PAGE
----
Start the day with new thoughts and believe all things are possible. Stop saying I can’t when you can do whatever you believe in. Never take No for an answer.
How to bounce back after a job loss Losing a job, no matter the reason, can be a blow to your ego as well as your finances.
Even if you saw it coming, having everything change so quickly can be incredibly shocking. Give yourself space and time to remind yourself what you’re good at, where your value lies, and start to dream about what’s possible.
Take care of yourself A job loss can stir up all kinds of negative emotions: shame, doubt, anger, self-pity. After all, you’ve lost more than a paycheck, you’ve lost your daily routine, social interactions with coworkers, and possibly even your sense of mission and purpose. It’s OK to feel bad for a little while. Vent to friends and acquaintances, indulge in a little comfort food, and then it’s time to pick yourself up and keep going. Self-care is an important step in the aftermath of a job loss. Taking care of yourself is a must, particularly if you have dependents who rely on you. Feeling grief and loss is normal, but you can get to the other side of the grieving process with time. Here are a few ways to help get your mind and emotions on track after a job loss: Tell people what happened - Talking about it can help you feel better—but it also lets people know you’re available for other opportunities. A job loss happens to nearly everyone at some point in their career. Your friends and former coworkers may have suggestions on future jobs. Look for learning opportunities - Is there a new skill, practice, or competency you can work on? What can you take away from this experience that can improve your life in the future? Maintain—and start—healthy habits - Focus on eating right, getting plenty of exercise, and maintaining a regular sleep pattern. That can help keep you sharp and focused for the job search process. Focus on the future - Often, a job loss isn’t a reflection on your personal performance as much as it is an unfortunate consequence of factors outside of your control. Focus on what’s ahead, not what happened in the past. Pace yourself - Don’t burn yourself out and get shortsighted so that you lose perspective. Decide how many hours a day you’ll dedicate to job searches, networking, interviewing, self-discovery, and leave room in your life for family, friends, simple pleasures, volunteering, or whatever is important to you. Consider if you can learn anything from this experience. Every situation is different and sometimes things really are unavoidable. Getting feedback from trusted former colleagues can help you identify your biggest strengths and areas for growth.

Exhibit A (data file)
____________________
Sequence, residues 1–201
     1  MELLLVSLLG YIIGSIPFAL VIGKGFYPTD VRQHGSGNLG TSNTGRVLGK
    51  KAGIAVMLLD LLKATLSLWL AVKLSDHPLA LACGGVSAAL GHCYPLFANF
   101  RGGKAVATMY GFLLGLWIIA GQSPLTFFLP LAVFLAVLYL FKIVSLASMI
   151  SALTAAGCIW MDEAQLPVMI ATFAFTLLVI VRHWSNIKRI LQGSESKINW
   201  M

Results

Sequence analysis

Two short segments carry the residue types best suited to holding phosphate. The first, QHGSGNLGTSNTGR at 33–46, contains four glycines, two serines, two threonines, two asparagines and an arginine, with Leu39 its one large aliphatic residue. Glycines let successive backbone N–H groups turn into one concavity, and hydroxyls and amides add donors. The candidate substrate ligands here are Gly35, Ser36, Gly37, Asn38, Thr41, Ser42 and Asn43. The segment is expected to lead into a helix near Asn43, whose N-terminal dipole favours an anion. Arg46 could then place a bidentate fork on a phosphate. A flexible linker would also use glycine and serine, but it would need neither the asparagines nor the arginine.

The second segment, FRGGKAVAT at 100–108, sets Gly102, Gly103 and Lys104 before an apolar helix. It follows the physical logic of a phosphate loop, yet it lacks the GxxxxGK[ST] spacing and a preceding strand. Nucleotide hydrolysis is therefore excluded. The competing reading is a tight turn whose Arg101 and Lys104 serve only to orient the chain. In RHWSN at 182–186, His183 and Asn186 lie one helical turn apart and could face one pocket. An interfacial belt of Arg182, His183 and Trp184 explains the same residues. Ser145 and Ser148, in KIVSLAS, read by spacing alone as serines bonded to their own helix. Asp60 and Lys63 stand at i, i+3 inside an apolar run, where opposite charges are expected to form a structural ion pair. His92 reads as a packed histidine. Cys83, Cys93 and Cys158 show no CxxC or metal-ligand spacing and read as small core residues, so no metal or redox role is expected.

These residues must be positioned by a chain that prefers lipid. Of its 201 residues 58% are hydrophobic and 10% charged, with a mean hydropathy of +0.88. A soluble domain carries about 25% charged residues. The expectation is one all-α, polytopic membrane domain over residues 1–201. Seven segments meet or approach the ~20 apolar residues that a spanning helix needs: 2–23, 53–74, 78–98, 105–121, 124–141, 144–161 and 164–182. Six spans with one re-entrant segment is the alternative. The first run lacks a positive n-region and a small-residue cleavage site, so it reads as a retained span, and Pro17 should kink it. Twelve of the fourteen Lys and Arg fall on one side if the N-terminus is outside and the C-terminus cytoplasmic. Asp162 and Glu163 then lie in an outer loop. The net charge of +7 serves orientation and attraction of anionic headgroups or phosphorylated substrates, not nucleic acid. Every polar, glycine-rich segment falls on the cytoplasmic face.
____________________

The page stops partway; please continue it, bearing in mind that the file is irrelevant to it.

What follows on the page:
Get back in the game Ready to go back on the job hunt? A good approach is to learn from previous experiences: Get feedback and evaluate what worked (and what didn’t) in your former job, then take the steps to course-correct and adjust so you can learn from those situations. Be realistic about your timeline and prospects. A job search can take longer than expected, but you can improve your chances by being more open-minded about your next step. Being too narrow in your search, or too choosy about options, may unnecessarily lengthen your job search. Finally, consider the idea that reigniting a job search is a job of its own, so treat it as such. Structuring your day around a reliable routine can help you stay motivated and thwart feelings of hopelessness.